Vay is another example of bad pacing.  It’s very consistent throughout the game, but when the standard is spending several days grinding before each dungeon, it becomes tiring.  The levels progress very slowly, and you have to advance quite a few of them in order to just survive.  The old “grind until you can afford the best equipment” trick won’t get your levels high enough to survive, either.  It’s a great example of a game with an excellent style and a well-written script (with some legitimately funny moments; a rarity) that was totally ruined by poor pacing.  The battle music being reminiscent of a dance aerobics class from the early ’90s didn’t help to ease the strain of grinding, either.  Bishoujo Senshi Sailor Moon: Another Story had a pacing problem, too.  You start out pathetically weak, getting ripped to shreds by the weakest encounter.  Each of your Sailor Senshi are alone, so this becomes an even bigger problem.  All of a sudden, you find two accessories that turn you into a goddess, rendering the former juggernauts a helpless pile of slurry.  Fast forward to a later chapter, during which everyone has her accessories, and you’re treated to a boss gauntlet.  These bosses are incredibly punishing, you cannot heal between them, and if you saved at the beginning of the chapter, you are unable to go back and grind to make them bearable.  Enjoy starting over from the beginning.

Esper Dream 2 is not technically an RPG; it’s an Action-Adventure with RPG elements.  However, it is one of the best examples of perfect pacing in a game with levels that I can imagine.  There aren’t that many levels to begin with, they progress at a decent pace, and it’s never much of a chore to stop and grind.  Part of this, of course, is that the battle system is fun; it’s basically an overhead Zelda with guns when you’re fighting.  It’s a great example of how a good battle system can compliment pacing.

Legend of Dragoon is another example of a game that makes grinding more fun with its engaging battle system.  You’re not just taking a mental nap while running back and forth, pressing the confirm button over and over again; you’re closely watching every character’s moves, timing the hits in order to deal maximum damage.  It wasn’t just the battle system that made it tolerable, though; it had multiple goals to achieve.  Most RPGs have only one secondary goal to leveling your characters up, and that’s usually acquiring enough gold to buy all of the best equipment in the current town.  That works quite well, because it gives you a more tangible goal with more easily perceived benchmarks than just “get strong enough”.  How do you know when you’re strong enough?  Unless you’re playing a second time (at least!) or are using a guide with level suggestions, you don’t.  Having those secondary goals makes progress a lot less trial-and-error.  With Legend of Dragoon, you have the Additions to level up, and even Dragoon Levels to build up, which gives you more benchmarks, and that is fortunate, since money is very rarely a problem.  Building skills, classes, money, or what have you makes grinding levels a lot more bearable, especially to the more neurotic, number-focused of us.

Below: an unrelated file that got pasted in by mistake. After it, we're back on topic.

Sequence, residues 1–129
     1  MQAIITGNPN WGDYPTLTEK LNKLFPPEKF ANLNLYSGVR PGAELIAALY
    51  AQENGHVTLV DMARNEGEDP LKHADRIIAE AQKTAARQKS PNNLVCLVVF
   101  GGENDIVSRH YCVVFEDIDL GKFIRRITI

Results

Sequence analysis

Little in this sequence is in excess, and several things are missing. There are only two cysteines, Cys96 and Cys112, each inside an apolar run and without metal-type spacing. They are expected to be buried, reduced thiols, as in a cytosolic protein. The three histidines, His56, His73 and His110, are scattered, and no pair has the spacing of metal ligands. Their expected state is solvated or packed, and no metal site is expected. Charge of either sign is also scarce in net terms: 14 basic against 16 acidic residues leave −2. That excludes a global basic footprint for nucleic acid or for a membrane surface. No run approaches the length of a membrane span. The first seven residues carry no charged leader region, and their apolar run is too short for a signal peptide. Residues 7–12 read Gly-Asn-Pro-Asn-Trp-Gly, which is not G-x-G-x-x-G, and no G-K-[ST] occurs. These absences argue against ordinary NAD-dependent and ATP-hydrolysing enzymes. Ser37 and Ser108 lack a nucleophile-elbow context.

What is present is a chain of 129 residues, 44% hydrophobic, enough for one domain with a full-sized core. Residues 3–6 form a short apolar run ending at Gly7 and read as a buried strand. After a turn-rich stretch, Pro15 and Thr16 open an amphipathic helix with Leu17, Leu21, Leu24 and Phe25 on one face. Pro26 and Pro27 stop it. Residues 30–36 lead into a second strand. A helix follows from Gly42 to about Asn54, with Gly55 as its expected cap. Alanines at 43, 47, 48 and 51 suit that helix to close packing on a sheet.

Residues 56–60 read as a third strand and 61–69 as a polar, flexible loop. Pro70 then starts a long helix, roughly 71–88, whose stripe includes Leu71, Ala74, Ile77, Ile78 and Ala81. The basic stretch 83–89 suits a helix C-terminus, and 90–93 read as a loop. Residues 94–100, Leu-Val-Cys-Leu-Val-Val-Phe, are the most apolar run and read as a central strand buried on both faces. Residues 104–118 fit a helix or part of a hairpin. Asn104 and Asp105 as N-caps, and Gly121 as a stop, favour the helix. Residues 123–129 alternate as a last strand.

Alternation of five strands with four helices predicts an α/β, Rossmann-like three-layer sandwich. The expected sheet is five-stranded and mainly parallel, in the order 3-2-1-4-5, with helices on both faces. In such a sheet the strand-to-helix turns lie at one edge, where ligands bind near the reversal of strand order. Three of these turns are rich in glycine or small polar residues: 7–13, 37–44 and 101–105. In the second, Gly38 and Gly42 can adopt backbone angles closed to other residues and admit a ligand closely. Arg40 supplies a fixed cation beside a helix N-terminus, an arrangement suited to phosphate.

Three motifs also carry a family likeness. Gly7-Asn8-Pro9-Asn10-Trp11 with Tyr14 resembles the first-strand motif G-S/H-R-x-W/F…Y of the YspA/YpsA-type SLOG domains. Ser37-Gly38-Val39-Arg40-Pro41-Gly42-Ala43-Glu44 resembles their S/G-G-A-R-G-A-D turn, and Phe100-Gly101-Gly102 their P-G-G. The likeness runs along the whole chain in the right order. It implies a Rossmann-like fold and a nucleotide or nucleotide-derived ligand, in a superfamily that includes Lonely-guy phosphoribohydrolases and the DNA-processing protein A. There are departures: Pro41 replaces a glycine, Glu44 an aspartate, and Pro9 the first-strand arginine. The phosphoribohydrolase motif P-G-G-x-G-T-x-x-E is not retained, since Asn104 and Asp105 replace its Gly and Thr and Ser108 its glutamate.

A good place to put a grind session is at the beginning of an RPG.  Doing so causes the player to become acquainted with the ins and outs of the game.  The experience is also still fresh exciting, so grinding is not yet tedious.  Likewise, the end of an RPG, while a common place to put a grind session is a poor one.  You’re at the climax – the thrilling conclusion – the last thing you want to do while the world’s exploding and raining demons is to stop and build your levels again.  The best way to handle the rest of the game is to break the grinding up into little bits; short sessions separated by time spent exploring and dungeon crawling.  Don’t make it an overwhelming chore, but don’t ease up and let the player become lazy and self-entitled, either; it happens even to me.

Now, there are other solutions to player boredom that have been explored over the years.  A particularly interesting approach to pacing was Legend of the Ghost Lion.  How to keep the player from getting bored with grinding levels?  Remove experience points altogether!  That’s right, Legend of the Ghost Lion doesn’t allow you to gain levels from battle; it hides them in treasure chests, so you cannot over-level.  This keeps the game challenging throughout.  This, however, poses the very problem it attempts to solve: the difficulty curve makes the game quite frustrating.  The difficulty curve is well-mapped, but with the inability to grow beyond a certain point, it is inappropriate to the game in question.  By the end, every single random encounter (which, if you‘ve ever played an NES RPG, you know is a frequent occurrence) is a knock-down, drag-out fight for your life.  It’s good to have a challenge, but when every single battle is like that, it becomes tedious and tiring before you even reach the dungeon itself, not to mention that this is before the days of save points and heal points, debilitating you greatly by the time you reach the final boss.  It’s challenging, sure, but not very fun; to me, fun should be the goal of every game.